Three Thursday cartoons

From today’s feed: a Zits, a Rhymes With Orange, and another rich Zippy:




They all look the same. The Zits has a nice twist on the claim that white people often make that all black people look alike, or that all “Asians” (meaning East Asians — Japanese, Korean, Chinese) look alike.

Over the moon. The Rhymes has an outrageous pun (Cowsmonaut / Cosmonaut), but the body of the strip is a joke that depends on your getting the reference to the English nursery rhyme “Hey, diddle, diddle / The cat and the fiddle / The cow jumped over the moon”. And, of course, on your knowing that cows are major sources of the powerful (and highly flammable) greenhouse gas methane.

Dadaism, Donald Trump, and Conny’s Creamy Cone self-serve. The setting turns out to be a self-serve place in St. Paul MN, seen here in a photo:


The Dada theme runs through all three panels, and Trump (currently a target of Bill Griffith’s, and of many other cartoonists as well) appears in the last two). The last panel has a pretty clear reference to Pablo Picasso’s famous pronouncement “All artists are thieves”, which has been quoted and elaborated on by many over the decades since Picasso said it — but I have to confess I don’t know the source of the stuff that follows “All artists are riding steeds”.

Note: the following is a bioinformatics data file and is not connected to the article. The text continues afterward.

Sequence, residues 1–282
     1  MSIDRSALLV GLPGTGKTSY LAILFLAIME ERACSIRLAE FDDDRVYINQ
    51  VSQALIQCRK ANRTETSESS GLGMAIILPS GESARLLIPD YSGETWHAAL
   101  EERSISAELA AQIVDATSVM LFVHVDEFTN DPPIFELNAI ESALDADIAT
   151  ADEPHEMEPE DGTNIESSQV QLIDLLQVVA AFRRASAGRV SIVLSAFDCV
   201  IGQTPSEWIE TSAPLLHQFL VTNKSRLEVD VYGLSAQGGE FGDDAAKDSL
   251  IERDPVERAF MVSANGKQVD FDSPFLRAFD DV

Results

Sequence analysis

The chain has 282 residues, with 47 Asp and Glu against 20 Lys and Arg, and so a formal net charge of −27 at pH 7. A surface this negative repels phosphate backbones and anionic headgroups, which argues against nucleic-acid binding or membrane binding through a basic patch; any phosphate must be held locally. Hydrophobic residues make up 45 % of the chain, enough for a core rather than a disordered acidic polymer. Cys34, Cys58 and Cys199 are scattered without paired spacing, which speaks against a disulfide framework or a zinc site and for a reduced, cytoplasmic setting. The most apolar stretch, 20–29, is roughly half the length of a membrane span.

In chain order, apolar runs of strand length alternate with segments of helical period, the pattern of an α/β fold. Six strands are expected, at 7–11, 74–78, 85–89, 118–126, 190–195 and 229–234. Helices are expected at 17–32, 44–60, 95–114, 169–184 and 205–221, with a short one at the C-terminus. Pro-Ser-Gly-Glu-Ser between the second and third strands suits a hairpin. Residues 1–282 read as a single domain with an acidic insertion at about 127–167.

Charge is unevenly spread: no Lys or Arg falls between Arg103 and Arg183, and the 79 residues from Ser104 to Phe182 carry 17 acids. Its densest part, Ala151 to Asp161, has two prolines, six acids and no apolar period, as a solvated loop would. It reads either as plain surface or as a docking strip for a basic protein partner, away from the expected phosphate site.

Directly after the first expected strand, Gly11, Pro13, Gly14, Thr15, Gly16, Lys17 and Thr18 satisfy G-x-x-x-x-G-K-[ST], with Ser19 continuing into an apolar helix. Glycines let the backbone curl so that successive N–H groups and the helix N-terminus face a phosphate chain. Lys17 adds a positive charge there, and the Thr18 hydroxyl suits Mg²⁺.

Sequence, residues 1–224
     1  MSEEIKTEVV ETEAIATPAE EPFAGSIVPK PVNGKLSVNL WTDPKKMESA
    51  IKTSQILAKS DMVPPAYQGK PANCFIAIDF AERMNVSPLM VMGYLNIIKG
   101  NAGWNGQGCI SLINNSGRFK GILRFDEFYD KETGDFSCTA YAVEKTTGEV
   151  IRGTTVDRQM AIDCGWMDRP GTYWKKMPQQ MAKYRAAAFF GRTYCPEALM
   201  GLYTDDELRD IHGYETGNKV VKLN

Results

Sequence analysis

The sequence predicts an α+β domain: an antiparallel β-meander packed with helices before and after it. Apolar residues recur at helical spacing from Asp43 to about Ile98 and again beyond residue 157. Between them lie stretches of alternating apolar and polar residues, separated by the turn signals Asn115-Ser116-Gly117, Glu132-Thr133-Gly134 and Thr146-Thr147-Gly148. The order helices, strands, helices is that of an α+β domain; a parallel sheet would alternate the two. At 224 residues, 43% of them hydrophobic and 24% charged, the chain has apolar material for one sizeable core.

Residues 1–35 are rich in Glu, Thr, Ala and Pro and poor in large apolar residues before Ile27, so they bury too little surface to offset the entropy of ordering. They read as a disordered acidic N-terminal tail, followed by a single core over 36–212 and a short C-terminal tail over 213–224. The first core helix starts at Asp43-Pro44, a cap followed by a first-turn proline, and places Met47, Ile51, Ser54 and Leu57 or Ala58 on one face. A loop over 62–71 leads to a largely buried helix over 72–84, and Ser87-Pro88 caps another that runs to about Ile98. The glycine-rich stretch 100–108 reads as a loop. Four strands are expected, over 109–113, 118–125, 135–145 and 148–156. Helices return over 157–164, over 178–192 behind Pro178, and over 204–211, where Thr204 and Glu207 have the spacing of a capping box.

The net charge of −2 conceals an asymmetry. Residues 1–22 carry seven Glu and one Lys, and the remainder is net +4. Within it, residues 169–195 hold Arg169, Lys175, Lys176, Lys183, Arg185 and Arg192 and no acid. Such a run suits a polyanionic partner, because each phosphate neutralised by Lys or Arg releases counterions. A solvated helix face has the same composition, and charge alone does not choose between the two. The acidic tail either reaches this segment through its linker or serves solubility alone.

Now go back to Conny’s and notice that in addition to soft-serve, burgers, and chili dogs, it also offers curds. Curdled milk? Well, sort of. Here’s Wikipedia with the key:

Cheese curds in cuisine, or cooking, are the solid parts of soured milk either eaten alone or used in various regional dishes, mostly in eastern Canada and the northeastern and midwestern United States. They are sometimes referred to as “squeaky cheese”.

Fresh cheese curds are often eaten as a snack, finger food or an appetizer. They may be served alone, dressed with an additional flavor, or with another food, such as a small smoked sausage or piece of cured pork, with the elements skewered together on a toothpick. Examples of flavorings applied to fresh curds include jalapeño chili peppers, garlic, various herbs, or spice blends such as Cajun seasoning, with garlic and dill on cheddar curds being a popular combination.

Fried cheese curds: In the Midwestern United States (primarily in Wisconsin and eastern Minnesota) they are a local delicacy. Deep-fried cheese curds are often found at carnivals and fairs, and often local non-chain fast-food restaurants, regular restaurants, and bars, as well as a few chain restaurants of local origin, such as Culver’s. Deep-fried cheese curds are covered with a batter, like that used for onion rings, or are breaded and placed in a deep fryer, they are sometimes served with a side of ketchup or ranch dressing.

In many areas where fried cheese curds are common, the term “cheese curds” refers to the fried variety; non-fried curds are distinguished by calling them “raw” or “plain” cheese curds. [Notice the retronym]

Deep-fried cheese curds, or as they are known in St. Paul, cheese curds, or just curds:


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